RYAN C. FOWLER (ed.). Plato in the Third Sophistic, Boston / Berlin, Walter de Gruyter, 2014 (Millenium Studies, 50). 309 pp. ISBN 978-1-61451-032-1
This edited volume aims to showcase the significance and influence of "Plato's thought and literary style on both Christian and non-Christian authors in the late antique period" (p. 1), an objective it fulfils admirably well, and covering a tremendously wide range of authors and texts. "A Prolegomena to the Third Sophistic", written jointly by the editor and A. J. Quiroga Puertas, sets forth issues of methodology and includes illuminating theoretical reflections on the term "Third Sophistic". The authors postulate as the beginning of the Third Sophistic the later third century CE and as the end the middle sixth century, but highlight that they use this term as a matter of convenience (as "a window between classics and religious studies", p. 25) and that the general issues (and methodology to study them) remain the same as for the Second Sophistic. They do note, however, the pervasiveness of Christianity and its impact "as a political, social, and intellectual phenomenon that needed to be confronted in all aspects of public and private life" (p. 6), meaning that classical models had to be neutralised and reformulated in order to produce new, Christian discourses (the authors do not consider the notion of the secular, which could have been useful in this context). The authors also discuss the continued importance of theatricality in the texts of this period, and the charges of theatrics and sophistry, and occasionally, by extension, heresy, in the homilies of late antique preachers--a very interesting aspect, which does not receive much attention in the rest of the volume.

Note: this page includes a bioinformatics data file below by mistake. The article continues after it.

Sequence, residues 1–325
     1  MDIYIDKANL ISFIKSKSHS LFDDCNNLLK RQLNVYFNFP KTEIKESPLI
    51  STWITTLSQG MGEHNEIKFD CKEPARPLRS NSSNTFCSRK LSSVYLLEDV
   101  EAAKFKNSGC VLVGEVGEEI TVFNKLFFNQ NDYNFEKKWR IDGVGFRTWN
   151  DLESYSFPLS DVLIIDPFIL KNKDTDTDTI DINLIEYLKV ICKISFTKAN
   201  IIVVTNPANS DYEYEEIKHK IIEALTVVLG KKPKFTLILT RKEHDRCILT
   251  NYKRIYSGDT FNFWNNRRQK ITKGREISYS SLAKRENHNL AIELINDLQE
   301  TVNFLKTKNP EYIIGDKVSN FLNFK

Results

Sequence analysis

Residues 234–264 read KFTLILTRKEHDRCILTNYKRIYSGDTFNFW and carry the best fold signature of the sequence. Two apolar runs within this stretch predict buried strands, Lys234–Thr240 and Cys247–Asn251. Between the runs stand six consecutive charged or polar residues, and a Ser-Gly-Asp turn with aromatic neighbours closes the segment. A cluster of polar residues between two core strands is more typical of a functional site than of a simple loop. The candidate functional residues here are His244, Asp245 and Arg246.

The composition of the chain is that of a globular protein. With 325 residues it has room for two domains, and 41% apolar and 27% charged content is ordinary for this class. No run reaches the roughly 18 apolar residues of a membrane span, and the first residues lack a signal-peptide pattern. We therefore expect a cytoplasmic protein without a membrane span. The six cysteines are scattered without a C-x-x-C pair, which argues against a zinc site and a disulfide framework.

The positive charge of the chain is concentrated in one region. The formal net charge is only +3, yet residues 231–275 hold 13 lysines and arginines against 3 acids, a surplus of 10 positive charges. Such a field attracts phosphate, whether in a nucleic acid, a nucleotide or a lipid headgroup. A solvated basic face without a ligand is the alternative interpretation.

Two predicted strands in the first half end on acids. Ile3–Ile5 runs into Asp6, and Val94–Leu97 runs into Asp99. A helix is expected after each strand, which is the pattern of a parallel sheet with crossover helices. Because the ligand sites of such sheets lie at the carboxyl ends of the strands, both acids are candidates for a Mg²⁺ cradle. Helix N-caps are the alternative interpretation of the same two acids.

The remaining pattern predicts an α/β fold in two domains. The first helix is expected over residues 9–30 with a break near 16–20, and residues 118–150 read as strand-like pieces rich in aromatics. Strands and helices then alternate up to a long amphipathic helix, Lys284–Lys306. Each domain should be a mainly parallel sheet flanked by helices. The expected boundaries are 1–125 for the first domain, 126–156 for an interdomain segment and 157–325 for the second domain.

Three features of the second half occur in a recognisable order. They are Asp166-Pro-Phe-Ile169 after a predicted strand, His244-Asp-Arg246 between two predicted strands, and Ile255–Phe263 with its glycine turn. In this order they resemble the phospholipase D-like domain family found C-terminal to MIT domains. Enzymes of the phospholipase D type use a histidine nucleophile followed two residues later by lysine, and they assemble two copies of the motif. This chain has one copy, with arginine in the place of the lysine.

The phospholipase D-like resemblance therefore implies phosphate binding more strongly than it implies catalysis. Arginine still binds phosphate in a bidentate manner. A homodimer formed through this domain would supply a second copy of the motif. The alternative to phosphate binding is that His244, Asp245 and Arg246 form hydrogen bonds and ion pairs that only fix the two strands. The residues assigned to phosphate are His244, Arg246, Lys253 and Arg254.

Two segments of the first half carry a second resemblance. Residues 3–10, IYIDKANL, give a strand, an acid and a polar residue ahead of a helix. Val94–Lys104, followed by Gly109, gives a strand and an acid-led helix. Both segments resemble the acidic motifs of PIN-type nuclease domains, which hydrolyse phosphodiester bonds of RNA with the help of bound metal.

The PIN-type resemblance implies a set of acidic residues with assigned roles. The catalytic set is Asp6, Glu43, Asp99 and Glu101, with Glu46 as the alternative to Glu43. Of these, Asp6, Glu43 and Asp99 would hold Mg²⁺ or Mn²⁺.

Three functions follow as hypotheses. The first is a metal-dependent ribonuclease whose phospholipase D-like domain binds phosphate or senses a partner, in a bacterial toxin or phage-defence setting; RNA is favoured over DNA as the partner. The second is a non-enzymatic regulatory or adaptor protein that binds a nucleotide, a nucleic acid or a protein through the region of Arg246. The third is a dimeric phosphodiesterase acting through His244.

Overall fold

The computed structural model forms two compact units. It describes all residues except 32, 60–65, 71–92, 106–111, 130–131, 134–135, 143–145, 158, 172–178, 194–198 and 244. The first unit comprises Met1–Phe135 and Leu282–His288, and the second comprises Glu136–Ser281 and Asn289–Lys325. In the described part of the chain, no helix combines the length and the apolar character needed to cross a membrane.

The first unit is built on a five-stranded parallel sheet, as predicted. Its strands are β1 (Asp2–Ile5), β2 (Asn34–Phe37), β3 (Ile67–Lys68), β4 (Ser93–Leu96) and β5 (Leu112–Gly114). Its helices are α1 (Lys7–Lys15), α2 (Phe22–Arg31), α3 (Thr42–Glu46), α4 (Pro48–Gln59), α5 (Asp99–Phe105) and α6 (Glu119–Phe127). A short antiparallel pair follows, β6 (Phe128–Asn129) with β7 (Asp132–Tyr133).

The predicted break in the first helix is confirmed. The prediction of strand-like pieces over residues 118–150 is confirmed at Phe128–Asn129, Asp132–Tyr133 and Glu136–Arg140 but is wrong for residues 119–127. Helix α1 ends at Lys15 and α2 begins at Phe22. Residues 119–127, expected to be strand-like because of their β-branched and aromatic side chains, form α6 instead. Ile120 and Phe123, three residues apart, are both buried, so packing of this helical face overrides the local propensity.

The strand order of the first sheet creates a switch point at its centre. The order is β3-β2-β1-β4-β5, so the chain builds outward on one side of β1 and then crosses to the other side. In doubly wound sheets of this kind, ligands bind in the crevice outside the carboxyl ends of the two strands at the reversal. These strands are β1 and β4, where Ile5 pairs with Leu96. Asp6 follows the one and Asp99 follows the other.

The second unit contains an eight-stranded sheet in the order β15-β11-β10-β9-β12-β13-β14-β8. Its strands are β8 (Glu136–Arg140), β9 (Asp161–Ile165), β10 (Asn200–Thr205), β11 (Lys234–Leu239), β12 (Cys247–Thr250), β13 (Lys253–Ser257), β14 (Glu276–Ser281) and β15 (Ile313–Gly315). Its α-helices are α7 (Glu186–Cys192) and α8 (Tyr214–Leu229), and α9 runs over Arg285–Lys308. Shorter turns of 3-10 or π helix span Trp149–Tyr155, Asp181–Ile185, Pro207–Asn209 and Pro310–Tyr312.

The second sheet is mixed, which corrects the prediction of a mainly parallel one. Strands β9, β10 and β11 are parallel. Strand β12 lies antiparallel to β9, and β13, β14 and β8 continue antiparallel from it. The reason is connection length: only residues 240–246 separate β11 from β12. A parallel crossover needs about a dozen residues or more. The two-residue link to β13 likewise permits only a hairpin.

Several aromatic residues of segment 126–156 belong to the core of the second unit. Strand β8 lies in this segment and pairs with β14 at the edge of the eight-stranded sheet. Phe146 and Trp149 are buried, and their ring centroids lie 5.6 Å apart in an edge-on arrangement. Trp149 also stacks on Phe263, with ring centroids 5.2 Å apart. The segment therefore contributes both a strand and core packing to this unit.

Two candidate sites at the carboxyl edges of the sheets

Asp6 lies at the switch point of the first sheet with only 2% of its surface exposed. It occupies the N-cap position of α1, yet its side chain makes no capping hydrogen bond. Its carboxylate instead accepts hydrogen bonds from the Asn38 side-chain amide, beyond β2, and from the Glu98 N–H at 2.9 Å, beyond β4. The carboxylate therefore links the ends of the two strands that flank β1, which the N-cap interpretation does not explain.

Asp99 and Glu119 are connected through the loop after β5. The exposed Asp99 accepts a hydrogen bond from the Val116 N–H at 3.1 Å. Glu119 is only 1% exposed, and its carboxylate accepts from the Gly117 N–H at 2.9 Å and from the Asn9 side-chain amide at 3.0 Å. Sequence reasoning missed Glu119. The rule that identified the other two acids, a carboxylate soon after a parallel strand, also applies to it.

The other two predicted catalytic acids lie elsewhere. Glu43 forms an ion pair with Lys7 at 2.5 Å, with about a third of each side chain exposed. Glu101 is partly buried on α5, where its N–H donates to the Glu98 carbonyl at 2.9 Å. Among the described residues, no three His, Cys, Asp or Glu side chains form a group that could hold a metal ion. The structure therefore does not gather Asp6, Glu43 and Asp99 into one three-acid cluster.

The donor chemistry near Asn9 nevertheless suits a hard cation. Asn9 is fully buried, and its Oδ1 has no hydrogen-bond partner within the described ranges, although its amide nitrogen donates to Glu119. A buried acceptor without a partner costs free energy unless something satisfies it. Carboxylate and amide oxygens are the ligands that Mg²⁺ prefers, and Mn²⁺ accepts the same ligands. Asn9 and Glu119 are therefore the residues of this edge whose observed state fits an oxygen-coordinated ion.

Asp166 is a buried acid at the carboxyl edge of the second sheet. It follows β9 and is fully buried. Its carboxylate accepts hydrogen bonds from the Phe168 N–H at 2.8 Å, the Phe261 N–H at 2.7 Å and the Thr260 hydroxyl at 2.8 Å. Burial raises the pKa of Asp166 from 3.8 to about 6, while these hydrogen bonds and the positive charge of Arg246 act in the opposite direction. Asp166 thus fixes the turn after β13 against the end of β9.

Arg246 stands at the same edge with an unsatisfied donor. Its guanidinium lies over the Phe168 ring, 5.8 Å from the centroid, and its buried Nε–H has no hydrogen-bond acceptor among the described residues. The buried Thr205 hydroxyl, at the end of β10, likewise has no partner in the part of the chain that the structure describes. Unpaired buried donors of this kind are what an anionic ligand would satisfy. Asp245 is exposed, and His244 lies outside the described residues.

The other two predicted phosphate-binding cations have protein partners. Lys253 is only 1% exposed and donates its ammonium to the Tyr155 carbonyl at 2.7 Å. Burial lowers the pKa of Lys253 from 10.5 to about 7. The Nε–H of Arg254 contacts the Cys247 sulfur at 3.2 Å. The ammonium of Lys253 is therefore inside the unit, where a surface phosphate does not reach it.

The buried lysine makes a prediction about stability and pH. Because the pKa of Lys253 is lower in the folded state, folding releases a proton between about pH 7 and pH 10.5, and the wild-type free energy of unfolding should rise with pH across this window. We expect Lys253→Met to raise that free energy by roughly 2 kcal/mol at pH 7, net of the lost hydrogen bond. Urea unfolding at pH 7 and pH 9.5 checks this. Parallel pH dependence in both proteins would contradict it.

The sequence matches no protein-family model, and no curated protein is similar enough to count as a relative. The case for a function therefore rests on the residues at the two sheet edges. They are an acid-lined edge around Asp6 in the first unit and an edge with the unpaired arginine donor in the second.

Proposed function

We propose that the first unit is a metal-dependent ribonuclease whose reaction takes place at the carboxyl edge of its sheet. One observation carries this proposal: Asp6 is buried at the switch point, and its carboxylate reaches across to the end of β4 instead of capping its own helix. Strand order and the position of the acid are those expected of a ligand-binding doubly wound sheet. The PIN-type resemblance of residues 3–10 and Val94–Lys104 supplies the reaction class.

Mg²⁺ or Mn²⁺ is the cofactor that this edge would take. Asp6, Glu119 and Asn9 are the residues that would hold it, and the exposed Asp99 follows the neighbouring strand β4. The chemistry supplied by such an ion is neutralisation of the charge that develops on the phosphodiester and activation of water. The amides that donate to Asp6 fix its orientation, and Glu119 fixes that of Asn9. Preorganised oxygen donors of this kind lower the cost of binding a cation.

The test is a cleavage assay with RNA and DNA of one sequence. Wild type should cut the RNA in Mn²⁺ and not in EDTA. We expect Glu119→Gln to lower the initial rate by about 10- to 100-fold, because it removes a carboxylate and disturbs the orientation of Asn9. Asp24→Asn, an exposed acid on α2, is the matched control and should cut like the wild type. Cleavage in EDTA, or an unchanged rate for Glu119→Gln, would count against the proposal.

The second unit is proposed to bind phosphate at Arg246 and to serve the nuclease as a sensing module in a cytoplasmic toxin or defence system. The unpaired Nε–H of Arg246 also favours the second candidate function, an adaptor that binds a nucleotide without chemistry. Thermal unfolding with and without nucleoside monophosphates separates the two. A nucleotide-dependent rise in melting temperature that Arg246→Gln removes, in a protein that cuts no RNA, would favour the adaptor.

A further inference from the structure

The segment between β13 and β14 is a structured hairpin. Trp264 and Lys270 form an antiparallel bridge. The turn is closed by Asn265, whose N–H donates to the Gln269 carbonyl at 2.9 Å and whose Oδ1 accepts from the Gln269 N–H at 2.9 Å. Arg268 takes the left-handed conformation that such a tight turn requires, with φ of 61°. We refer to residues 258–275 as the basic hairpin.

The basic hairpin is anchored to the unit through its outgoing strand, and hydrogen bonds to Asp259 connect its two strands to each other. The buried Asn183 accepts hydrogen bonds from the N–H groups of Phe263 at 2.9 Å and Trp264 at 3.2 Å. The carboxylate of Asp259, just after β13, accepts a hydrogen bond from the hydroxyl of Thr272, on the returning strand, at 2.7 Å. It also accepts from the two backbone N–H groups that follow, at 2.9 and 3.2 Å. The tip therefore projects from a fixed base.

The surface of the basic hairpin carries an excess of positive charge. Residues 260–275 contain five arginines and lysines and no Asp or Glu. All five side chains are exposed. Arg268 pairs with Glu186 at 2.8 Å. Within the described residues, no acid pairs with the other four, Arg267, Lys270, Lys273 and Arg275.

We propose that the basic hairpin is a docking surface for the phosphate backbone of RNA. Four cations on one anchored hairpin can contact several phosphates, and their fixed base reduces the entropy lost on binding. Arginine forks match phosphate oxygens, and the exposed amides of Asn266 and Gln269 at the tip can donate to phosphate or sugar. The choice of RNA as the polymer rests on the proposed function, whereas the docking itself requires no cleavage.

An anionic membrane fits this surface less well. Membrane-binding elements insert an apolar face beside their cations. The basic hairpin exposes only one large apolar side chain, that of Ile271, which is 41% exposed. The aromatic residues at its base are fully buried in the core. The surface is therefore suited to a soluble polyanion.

Following a summary of the volume's contents by the editor, entitled "Introduction to Plato in the Third Sophistic", the three articles of Section 1 consider "Platonist Philosophers". J. F. Finamore studies the intersection of philosophy and magic in Iamblichus, taking into consideration two issues in particular: demonology and the fate of the souls of the dead. The article's aim is to illustrate that there is much more rationality in Iamblichus than modern scholars have given him credit for, and to trace the use of irrationality in Plato himself and the earlier Platonic tradition. Finamores conclusions will doubtlessly be valuable for studies on Iamblichus, although, for the purposes of this volume, it is not clear what role (if at all) rhetoric or sophistic are meant to have here. In the second article of the volume, D. Caluori examines the relationship between rhetoric and philosophy in the Platonist schools of Athens and Alexandria in the fifth century. From what we know, scholarchs in Athens held a negative view of rhetoric, even though they had been trained in it, as part of their education. The explanation Caluori offers for the discrepancy between this negative view and the positive remarks on rhetoric in the writings of Alexandrian Platonists is that the latter refer to true rhetoric, informed by knowledge of the noetic realm, while the...
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